Remember bands like Saw Doctors, Whipping Boy and The Pale? Bands who played student unions, your cool old brother had their t-shirts, you stole his records and got into these fabled, legendary bands that didn’t sound anything like the brit/yank rock you’re listening to with rapt consumer attention. This is homegrown. You could meet these guys outside a pub and bum a smoke off them. That was the draw of these bands, unlike the bands in the posters on your wall, you could aspire to be like them. It gave you a sense of pride listening to these records, knowing they were irish guys just like you and me.

“Introducing” conjures up these images for me. A time before celtic tiger blandness in music, where musicians put their all into their albums for the sake of the music, not for the payday. It has our cultural identity stamped all over it. From songs influenced by the ghosts of showbands passed, tractors and our own knack of turning the humour magnifying glass onto ourselves. Ciaran is quite simply a cunning and comedic lyricist and songwriter. “I got a map to find my head, and found it up my ass” (June Madness), “I’m clocking in, i’m clocking out, i got a desk, a rubber stamp, a calculator for a brain, and half a gram to ease the pain” (This Congregation), are just some of Mr O’Neil’s fine bon mots. It’s an album you can’t help grinning along to. Not just because of the cheeky lines, but because of the welcome return of that that feeling of pride that someone out there is making music so totally unafraid of parodying itself, so quintessentially irish.



Ciarán O Neill grew up in Cavan on a diet of Irish showband tapes his parents had lying around the house, So its no wonder the first tune on his debut album is a tongue in cheek reference to his youth, “Country Tune” a typical country sound which he uses as a backdrop to talk about more sinister issues, ”Feed Feed Feed on more than you can eat, Fill your pockets full of cement” which hints at Ireland`s “boom” times, & “I list the things i want to be, burned old clothes, I turned over a leaf” gives us a nod that change is in the air, a recurring theme throughout the album..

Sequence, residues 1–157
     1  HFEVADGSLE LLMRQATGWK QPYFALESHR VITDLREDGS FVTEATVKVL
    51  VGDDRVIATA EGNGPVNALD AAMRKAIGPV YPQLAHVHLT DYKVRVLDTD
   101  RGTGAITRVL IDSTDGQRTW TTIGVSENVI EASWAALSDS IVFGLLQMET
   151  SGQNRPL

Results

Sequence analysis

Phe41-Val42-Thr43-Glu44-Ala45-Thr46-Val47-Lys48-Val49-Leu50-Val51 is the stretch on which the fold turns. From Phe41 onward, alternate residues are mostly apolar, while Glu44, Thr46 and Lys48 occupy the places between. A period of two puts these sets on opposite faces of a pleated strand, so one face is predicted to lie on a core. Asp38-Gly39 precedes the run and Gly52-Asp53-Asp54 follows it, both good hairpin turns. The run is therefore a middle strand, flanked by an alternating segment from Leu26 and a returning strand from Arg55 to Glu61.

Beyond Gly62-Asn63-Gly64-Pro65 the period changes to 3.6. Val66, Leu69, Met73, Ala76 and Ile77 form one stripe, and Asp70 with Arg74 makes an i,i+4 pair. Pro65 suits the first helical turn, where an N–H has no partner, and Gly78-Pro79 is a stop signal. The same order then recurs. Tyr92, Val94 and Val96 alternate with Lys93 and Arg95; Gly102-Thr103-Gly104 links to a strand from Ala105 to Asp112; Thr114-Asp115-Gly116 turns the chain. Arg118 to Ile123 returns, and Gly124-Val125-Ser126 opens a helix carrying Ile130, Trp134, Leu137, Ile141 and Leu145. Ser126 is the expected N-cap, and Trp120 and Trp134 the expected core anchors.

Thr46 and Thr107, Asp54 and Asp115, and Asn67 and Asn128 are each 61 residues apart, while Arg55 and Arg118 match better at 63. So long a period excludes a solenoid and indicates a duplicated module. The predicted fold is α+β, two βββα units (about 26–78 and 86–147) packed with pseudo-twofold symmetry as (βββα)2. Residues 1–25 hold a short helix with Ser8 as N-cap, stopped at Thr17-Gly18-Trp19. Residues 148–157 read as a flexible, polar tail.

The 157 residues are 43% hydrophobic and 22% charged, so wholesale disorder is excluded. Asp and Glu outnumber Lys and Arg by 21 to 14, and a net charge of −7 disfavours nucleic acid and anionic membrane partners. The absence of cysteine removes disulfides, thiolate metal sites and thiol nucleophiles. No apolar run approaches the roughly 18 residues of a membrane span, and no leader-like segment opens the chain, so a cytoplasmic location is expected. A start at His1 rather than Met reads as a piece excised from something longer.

Ciarán picked up the guitar at 14 and straight away put pen to paper..Growing up on the Cavan/ Fermanagh border gave him plenty of inspiration. The people, the landscape, the troubles, the sense of community or lack thereof.  Ciarán saw the everyday madness and separated himself to write about it. In “June Madness” he writes “I rolled the fields like carpet, let soil fall through my hands, i got a map to find my head & found it up my arse”

He manages to be witty & serious all in the same line, almost in an attempt to reel you in with a laugh & leave you lingering with a thought…In the 2 minute ditty that is (Track 7) Half Man Half Tractor” he confesses “Im half man half woman, & Im half man half coward”. This album is a good Introduction to Ciarán`s world, & when you listen to it you will end up knowing him & maybe empathising with his perspective.

Ciarán still lives in Cavan near where he grew up in the town of Belturbet, He is part of a local resurgence of original music in the area, Probably not best known as a centre for the arts, Cavan has stepped up to the mark, the local scene is now alive with original music & writing by the likes of Philip Doherty who setup the Gonzo theatre in the town as an outlet for his own plays and other local writer & performers.

The album “Introducing” was recorded in an old school house in Roscommon by Jamie Byrne, The players are mostly friends from around the area, One of which is Whipping Boy frontman Fearghal Mc Kee who takes over main vocal duties on the albums epic finale “Look Da No Hands” It leaves with Fearghal saying “Whats the point in worrying, when we know were gona die”…Its very clear that Ciarán is aware that he wont be here forever, There is a sense of a clock ticking & maybe with this album he`s starting to get his books in order!